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 What Shade of Green Are You?

It seems like a funny question, but what we’re asking is: how environmentally friendly do you want your new home to be? With the array of new technology and differing building options available, deciding how “green” you want to be will affect several key factors in your new home. Deciding what your personal green goals are at the start can ensure your home performs the way you envision. Here are five aspects to help you determine just how green your new home should be:

  1. How green is your builder or contractor?
    There are many types of builders available in our area. Some are the “tried and true” kind who have built good homes for many years, but may be reluctant to explore some of the new environmentally friendly options available. Other builders are committed to a rating system or style of building that can save lots of energy, but comes with lifestyle trade-offs and possible increased costs. At Big Twig Homes, we like to take a position somewhere in the middle — relying on good construction craftsmanship while embracing energy efficiency and other green strategies where they make sense.
  2. What are your goals for your home’s green features?
    Each family is unique and has differing goals for the green aspects they want in their new homes. Some family members have respiratory problems, and want to have their home built with low VOC products to elevate indoor air quality. Other home owners are hoping to have some control over fluctuating energy costs by fixing energy investments with solar or geothermal systems. Still others want to have a comfortable home that will maintain its value and provide a healthy return when it’s time to sell. All these goals can be met with a range of green approaches.
  3. Saving energy is just one facet of a “green” approach to home construction.
    Of the many options to building green, energy efficiency is an important component. On the green building spectrum, there are many other factors that can contribute to a home’s impact on the environment. Many folks focus on improving the overall performance of their homes as systems. A home performance perspective will look at the basics— insulation, windows, doors, heating and cooling— plus ensuring the home’s exterior envelope is well sealed, proper home ventilation is installed. Even greener approaches will consider the proximity of the home’s location to amenities, the fuel expended to bring materials to the site, sustainability of materials and construction waste disposal to minimize the total impact on the environment.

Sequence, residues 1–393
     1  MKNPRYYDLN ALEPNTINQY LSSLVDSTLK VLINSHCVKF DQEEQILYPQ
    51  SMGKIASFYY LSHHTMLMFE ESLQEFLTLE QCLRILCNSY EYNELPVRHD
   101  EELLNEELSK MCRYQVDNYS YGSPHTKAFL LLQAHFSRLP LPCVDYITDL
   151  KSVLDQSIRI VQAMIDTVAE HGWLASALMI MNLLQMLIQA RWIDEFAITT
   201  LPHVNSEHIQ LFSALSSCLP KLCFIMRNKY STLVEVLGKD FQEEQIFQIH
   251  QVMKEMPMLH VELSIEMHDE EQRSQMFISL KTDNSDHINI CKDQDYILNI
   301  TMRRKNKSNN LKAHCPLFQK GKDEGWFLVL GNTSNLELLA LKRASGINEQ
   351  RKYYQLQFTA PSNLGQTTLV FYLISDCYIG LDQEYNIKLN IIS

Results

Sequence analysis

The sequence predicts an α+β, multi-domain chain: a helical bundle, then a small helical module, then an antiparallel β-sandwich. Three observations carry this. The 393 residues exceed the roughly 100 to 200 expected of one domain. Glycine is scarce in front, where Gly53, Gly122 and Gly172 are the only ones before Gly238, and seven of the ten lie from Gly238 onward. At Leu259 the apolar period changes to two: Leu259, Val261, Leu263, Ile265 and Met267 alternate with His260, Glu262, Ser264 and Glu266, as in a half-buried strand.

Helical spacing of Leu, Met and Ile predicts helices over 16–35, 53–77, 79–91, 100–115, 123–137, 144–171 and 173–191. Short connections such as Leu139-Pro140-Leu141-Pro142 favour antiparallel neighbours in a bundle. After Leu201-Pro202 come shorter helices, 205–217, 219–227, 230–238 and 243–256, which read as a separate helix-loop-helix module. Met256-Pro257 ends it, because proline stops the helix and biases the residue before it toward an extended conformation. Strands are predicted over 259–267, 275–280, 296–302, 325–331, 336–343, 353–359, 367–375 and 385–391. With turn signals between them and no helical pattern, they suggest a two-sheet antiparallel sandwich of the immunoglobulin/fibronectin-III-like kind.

4. What level of cost versus benefit are you comfortable with?
    Like many life decisions, we often need to examine the costs versus the end benefits that any green feature provides. For example, a net zero house that produces enough energy to operate independently is achieved often with an increased investment in super-efficient windows, added insulation, and design changes that may work for some families but not for others. However, simple upgrades like added insulation or considering solar panels on your roof may provide a quick return and incentives that make the investment worthwhile.
  5. Documenting your new home’s energy rating can increase its value.
    There are a whole alphabet soup of options for measuring your home’s efficiency and environmental impact. Some focus on energy efficiency, while others look at a whole array of factors that can vary in home construction. We like to think that one smart investment is to hire an energy rater to work with us from design though to the final details. RESNET is a national organization that helps homeowners understand their home’s efficiency by training certified energy raters. These trained pros can advise on option to improve your home’s efficiency with small changes that have a big impact. You can find an energy rater in your area by using this tool on RESNET.com. Some studies have shown that having a good RESNET score can increase your home’s value by as much as 8%. Plus, energy efficiency tax incentives and rebates can put money back in your pocket.

No matter how green you want your home to be, we’re ready to walk you through the options and determine which green approaches meet your needs and your budget. Give us a call today at 207-576-5500.

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